The Biggest Challenges Of Restricted Gifts And How You Can Handle Them
By: Vanderbloemen October 1, 2018
A special thanks to Dan Busby, CEO of ECFA, for his contributions to this post to ensure accuracy on this topic.
A significant part of being involved in the church is giving. Giving is not only important to the church because it funds its ministry, but it is also a vital part of the Christian faith. The Bible has much to say about stewardship and how it blesses the individual. As church leaders, we want to avoid discouraging someone from giving.
Understanding restricted gifts and their related challenges can help you and your church determine the most effective way to handle donations that are restricted. Here are three commonly asked questions about restricted gifts.
1. What are restricted gifts?
The terms restricted gifts and designated gifts are synonymous – the term restricted gifts is used in this blog.
A restricted gift is for a purpose more specific than the broad limits imposed by the church’s purpose and nature.  Since the purpose and nature of a church is generally very broad, there is a wide possibility for restricted gifts. Here are just a few possibilities: gifts restricted for the missions fund, the debt-retirement fund, the building campaign, and many more. Additionally, a gift may be restricted as to time – for example, a gift made in one year may be restricted for use until a subsequent year.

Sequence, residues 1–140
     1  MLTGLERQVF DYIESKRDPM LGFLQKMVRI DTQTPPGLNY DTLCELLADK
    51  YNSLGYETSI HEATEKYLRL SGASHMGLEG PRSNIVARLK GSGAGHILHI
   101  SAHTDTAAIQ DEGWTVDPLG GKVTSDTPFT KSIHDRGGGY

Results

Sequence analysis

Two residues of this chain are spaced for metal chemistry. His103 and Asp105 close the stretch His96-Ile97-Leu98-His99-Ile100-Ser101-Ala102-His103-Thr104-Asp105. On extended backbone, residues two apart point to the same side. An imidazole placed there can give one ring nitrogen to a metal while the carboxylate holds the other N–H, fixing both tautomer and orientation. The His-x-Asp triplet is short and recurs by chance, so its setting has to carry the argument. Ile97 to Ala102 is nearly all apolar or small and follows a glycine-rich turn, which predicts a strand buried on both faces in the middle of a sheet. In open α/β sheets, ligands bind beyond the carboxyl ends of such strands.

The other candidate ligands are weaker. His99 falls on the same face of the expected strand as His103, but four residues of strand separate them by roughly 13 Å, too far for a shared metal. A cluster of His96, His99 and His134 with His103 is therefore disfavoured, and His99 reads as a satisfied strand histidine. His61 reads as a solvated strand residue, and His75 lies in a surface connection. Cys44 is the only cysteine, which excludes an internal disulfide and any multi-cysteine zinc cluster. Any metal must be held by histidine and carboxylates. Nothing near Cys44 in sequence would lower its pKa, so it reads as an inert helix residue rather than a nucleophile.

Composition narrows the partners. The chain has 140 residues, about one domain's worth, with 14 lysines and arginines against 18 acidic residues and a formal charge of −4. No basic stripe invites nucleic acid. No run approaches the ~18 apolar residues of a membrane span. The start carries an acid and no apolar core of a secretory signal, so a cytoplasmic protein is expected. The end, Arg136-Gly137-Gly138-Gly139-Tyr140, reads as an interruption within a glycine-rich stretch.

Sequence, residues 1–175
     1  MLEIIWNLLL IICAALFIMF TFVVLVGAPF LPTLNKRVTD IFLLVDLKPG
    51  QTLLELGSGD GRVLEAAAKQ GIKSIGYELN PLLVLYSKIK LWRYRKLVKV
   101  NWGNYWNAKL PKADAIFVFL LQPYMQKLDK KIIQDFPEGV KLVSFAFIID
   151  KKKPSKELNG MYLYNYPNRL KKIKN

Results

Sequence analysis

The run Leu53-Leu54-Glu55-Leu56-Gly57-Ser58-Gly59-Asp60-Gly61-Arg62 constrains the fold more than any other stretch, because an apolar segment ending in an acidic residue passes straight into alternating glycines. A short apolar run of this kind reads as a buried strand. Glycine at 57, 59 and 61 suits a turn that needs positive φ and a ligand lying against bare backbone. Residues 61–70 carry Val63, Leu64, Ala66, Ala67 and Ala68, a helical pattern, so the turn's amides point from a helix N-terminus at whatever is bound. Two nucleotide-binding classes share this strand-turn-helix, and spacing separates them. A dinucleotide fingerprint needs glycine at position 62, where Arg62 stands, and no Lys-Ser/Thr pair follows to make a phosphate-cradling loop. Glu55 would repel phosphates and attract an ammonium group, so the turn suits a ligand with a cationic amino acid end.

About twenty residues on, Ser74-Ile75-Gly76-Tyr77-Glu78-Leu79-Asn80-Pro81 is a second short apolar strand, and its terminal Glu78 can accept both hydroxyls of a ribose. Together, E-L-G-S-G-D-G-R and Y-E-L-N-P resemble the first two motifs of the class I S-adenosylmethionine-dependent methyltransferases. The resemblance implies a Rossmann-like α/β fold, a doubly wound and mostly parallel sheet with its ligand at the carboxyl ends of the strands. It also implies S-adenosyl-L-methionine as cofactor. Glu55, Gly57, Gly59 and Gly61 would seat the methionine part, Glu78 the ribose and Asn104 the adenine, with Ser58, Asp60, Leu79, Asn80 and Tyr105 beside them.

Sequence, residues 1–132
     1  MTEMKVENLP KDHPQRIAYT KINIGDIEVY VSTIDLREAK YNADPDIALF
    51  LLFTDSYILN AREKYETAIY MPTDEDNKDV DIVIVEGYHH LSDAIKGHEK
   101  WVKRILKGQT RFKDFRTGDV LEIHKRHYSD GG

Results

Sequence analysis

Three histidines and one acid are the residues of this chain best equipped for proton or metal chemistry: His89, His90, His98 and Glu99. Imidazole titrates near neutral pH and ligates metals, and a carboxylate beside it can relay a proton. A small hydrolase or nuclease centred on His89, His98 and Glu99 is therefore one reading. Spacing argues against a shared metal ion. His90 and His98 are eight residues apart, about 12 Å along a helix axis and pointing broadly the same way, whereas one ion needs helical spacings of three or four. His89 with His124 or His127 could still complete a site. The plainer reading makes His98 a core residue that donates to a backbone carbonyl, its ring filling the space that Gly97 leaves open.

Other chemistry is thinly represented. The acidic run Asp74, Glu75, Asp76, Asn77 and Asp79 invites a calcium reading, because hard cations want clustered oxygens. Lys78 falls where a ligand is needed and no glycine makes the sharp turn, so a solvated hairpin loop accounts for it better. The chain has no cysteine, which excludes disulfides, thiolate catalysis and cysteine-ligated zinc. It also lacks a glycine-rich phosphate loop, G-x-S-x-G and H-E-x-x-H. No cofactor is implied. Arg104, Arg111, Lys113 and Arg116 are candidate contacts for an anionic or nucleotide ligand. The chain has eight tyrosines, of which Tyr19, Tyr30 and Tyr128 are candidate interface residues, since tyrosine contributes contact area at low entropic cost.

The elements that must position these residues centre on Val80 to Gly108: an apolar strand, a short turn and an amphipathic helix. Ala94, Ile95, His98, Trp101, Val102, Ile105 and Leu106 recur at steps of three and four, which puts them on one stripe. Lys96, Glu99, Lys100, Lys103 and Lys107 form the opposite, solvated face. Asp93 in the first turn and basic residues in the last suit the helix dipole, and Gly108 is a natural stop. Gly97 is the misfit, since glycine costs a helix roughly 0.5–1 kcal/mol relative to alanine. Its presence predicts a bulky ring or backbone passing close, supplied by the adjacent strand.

Givers restrict gifts and can unrestrict their gifts. Church boards do not have the power to restrict gifts. When a church receives a restricted gift, it is out of the control of the giver. The church becomes responsible to spend the money in a timely basis and within the limits of the giver’s restriction. If your church accepts a restricted gift, it is imperative to track that donation. While it is unnecessary to physically put money in a separate account, your giving tracking or accounting software should have the capability to track the funds.
Giver-restricted gifts are generally tax-deductible as a charitable contribution. There are exceptions:
- “I want to give $10,000 to the church so the funds can be passed on to a college to cover the tuition for the pastor’s daughter.” This gift is earmarked for a non-ministry purpose and it does not qualify for a charitable contribution. Therefore, this gift should not be accepted by the church.
- “One of my friends has a financial need. I want to give the church $2,000 so the church can pass it through to them.” This gift is earmarked for a particular individual and it does not represent a ministry expense for the church. The gift does not qualify for a charitable contribution deduction and it should not be accepted by the church. 
Churches should avoid accepting gifts restricted for an individual. For example, gifts may be accepted for a benevolence fund but not for individual benevolent recipients. Gifts may be preferenced for a particular needy person, leaving the church to decide how the gift will be distributed to the needy. Gifts may be preferenced for a certain missionary supported by the church, leaving the church to decide which missionary will be supported.